A page from the "Poetry through the Ages" exhibit...

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Ancient roots.

While the term “spoken word” was not popularized until revival of poetry slams in the 1980s, the focus on developing poems specifically for performances dates back to ancient times, when epic poems like Homer’s Odyssey were recited for entertainment. Later, poetry was incorporated into theatrical events, when forms such as the ode accompanied music throughout the acts.

Over the centuries, oral poetry gave rise to a variety of forms and styles. Chants and ghazals played major roles in religious and spiritual worship. Ballads and villanelles captured the adventure and romance of their day.

Although these oral forms of poetry were quite popular, the greater role of printed text transformed many listeners into solitary readers, and new poets began to focus on the written presentation of their work.

Modern rebirth.

As early 20th century artists rethought longstanding perspectives on art, many poets abandoned more accepted forms of poetry to experiment with combining various media. For example, Tristan Tzara and his fellow Dadaists incorporated costumes and noisemakers into their public performances. This experimentation with sound and performance was also embraced by Italian and Russian Futurists, such as F.T. Marinetti and Khebnikov.

American experimentation with performance poetry lagged behind its European counterparts, as it was largely limited to a few daring artists like Harry Kemp, who in 1909 entered a lion’s cage to read poetry to 500 onlookers. However, both Louis Zukofsky and Charles Olson motivated artists to look deeper into the performance of poetry. Thus, the Beat Poets of the late 1940s and 1950s, led by Allen Ginsberg and his poem, “Howl,” twisted traditional chants and jazz rhythms into poems rife with social and cultural commentary, helping explode the popular acceptance of performance poetry and spurring on a new generation of artists like Ginsberg, Jack Kerouac, Amiri Baraka and Diane di Prima.

Performance on the rise.

Yet the dominant poets of the 1960s and 1970s continued to underestimate the importance of performance poetry. The rise of hip-hop in the late 1970s led to new ways for nontraditional wordsmiths to showcase their skills onstage.

In response to what he saw as elitist and overly academic approaches to poetry, Chicagoan Marc Smith began hosting open mic nights in 1984, focusing these events on poets performing their work, as opposed to reciting it aloud. The popularity of these events led Smith to host performance poetry competitions, called poetry slams, where competitors were given three minutes to present their work to a set of judges selected from the audience. To this day, Marc Smith continues to host The Uptown Poetry Slam in Chicago, an event featuring a touring poet, an open mic, and a poetry slam.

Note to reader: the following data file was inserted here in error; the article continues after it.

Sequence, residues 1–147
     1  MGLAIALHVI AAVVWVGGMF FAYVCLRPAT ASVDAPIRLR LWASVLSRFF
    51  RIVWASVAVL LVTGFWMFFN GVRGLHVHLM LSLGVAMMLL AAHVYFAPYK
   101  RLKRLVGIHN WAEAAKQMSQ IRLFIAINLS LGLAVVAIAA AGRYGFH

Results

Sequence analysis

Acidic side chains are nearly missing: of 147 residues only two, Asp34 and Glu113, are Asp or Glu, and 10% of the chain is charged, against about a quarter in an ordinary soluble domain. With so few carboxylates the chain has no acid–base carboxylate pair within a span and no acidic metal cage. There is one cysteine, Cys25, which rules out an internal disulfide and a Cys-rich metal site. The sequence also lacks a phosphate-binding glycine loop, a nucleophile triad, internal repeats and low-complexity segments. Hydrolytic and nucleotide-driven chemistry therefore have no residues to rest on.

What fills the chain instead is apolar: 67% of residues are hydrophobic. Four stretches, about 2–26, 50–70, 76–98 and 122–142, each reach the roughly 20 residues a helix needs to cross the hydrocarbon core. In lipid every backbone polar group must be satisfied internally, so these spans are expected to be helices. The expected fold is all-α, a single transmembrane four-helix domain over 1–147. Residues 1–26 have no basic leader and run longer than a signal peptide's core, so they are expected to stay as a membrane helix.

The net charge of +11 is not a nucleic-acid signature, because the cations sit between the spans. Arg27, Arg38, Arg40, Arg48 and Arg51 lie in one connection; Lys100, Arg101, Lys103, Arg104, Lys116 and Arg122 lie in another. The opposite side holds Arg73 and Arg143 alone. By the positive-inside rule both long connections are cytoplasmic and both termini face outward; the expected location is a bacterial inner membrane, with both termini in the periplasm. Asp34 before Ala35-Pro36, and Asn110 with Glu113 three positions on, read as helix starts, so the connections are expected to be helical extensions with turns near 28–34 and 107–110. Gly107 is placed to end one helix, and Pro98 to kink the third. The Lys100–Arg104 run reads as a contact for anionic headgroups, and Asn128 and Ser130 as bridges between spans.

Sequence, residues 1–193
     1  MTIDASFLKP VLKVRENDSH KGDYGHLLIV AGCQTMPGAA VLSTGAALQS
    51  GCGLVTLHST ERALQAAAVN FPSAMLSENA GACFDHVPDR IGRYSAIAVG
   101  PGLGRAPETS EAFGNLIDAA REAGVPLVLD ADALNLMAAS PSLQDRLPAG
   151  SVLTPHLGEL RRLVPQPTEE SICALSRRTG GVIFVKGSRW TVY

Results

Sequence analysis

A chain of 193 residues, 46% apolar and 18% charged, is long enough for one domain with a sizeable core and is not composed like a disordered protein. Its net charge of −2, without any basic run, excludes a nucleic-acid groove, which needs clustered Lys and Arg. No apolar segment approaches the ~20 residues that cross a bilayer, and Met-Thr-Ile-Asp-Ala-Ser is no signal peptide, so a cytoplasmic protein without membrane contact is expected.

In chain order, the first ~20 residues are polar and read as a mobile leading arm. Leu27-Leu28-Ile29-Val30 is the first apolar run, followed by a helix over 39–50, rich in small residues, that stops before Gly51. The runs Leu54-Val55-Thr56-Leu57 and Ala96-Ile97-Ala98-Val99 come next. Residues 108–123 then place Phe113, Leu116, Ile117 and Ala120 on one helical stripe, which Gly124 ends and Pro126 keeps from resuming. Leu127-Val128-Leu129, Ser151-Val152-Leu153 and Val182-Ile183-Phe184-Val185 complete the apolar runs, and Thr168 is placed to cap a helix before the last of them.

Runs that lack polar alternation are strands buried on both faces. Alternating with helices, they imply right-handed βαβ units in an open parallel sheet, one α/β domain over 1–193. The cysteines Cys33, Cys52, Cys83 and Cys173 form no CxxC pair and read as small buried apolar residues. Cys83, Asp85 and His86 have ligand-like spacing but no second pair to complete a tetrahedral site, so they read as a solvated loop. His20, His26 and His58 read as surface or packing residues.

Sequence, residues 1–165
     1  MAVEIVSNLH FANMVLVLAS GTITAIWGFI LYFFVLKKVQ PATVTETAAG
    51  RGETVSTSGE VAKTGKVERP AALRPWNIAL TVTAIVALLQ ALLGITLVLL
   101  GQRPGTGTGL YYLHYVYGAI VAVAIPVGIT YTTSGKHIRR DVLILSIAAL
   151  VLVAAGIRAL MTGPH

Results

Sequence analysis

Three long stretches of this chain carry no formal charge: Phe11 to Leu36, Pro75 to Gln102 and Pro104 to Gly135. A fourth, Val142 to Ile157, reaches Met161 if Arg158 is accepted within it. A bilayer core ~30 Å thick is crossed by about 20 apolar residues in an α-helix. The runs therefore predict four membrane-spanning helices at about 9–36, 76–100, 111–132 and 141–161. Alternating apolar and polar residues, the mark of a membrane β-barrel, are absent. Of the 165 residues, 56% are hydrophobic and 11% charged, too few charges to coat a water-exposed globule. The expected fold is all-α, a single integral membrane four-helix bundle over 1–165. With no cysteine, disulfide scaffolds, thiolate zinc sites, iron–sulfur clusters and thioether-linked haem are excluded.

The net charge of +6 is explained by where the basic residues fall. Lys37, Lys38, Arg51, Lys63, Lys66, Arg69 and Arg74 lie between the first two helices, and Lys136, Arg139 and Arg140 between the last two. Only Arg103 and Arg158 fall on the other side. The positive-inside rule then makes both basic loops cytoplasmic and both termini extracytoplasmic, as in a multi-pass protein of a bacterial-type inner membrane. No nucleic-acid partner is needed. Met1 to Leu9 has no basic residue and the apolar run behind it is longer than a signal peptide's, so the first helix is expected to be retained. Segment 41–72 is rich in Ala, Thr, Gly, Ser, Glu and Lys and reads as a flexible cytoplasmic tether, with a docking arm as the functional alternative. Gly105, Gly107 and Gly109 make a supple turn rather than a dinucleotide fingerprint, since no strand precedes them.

In its infancy, slam poetry was held in disdain by academic and elite poets, largely because anyone could sign up to participate in a performance or competition. In addition, work was not published and marketed in journals and books, the traditional method of earning credibility as a poet. However, slam poetry’s appeal began to grow beyond the café reading and competition scene and into academia, as both traditional poets and scholars recognized the social relevance and artistic challenge of slam.

All eyes on the stage.

The popularity of slam poetry resulted in Poetry Slam International’s National Poetry Slam competition series, as featured in Slamnation, a documentary created by Paul Devlin covering the 1996 National Poetry Slam. Given performance poetry’s hip-hop roots, the movement caught the attention of recording industry icon Russell Simmons, who spearheaded the HBO spoken word series, Def Poetry, which aired for six seasons and became a Broadway production. Def Poetry led to even greater exposure of the nation’s ever-emerging group of performance poets, such as Suheir Hammond, Anis Mojgani, and Marty McConnell.

While the final season of Def Poetry Jam aired in 2007, HBO continues to air a special on the youth national poetry slam, Brave New Voices. Larger audiences still receive slam poets at packed events across the country and the world, such as the reading series at the Bowery Poetry Club in New York City and the competitions for the National Poetry Slam. Just as other poetry forms are transitioning to web-based journals, slam poets are achieving new levels of prominence thanks to YouTube and other user-generated media outlets.

The National Endowment for the Arts, in conjunction with the Poetry Project, has also helped to spur a new generation’s interest in and involvement with performance poetry. Tens of thousands of students participate in the Poetry Outloud National Recitation Series, and educational programming helps teachers integrate spoken word writing into their curriculum.